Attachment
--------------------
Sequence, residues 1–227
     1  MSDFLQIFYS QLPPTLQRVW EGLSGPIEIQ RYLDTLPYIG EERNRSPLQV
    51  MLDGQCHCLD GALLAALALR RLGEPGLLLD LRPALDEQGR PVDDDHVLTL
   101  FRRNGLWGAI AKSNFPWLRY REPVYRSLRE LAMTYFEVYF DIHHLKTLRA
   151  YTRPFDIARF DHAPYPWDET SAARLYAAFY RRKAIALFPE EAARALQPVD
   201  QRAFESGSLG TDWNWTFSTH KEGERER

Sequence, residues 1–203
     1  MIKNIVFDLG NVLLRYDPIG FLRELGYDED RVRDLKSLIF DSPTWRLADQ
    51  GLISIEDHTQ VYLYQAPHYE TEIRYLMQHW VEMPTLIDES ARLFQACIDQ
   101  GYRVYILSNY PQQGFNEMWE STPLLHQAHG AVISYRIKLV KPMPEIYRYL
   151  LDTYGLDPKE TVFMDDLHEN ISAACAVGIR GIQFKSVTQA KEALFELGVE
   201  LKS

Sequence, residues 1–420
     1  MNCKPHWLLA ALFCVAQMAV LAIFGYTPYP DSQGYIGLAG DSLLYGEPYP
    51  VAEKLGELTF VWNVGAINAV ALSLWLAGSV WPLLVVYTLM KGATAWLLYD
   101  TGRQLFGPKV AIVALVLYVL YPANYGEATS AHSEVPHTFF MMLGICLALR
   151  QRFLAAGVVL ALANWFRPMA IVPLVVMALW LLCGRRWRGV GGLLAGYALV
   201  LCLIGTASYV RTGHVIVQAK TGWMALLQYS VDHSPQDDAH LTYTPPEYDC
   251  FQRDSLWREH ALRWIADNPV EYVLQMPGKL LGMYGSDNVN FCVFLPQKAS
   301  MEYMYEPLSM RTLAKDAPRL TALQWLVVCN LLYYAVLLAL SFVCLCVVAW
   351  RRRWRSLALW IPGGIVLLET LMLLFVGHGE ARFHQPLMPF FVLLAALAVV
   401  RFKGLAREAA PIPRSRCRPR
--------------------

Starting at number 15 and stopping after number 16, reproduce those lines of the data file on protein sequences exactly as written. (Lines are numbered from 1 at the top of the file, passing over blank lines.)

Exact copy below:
    51  VAEKLGELTF VWNVGAINAV ALSLWLAGSV WPLLVVYTLM KGATAWLLYD
   101  TGRQLFGPKV AIVALVLYVL YPANYGEATS AHSEVPHTFF MMLGICLALR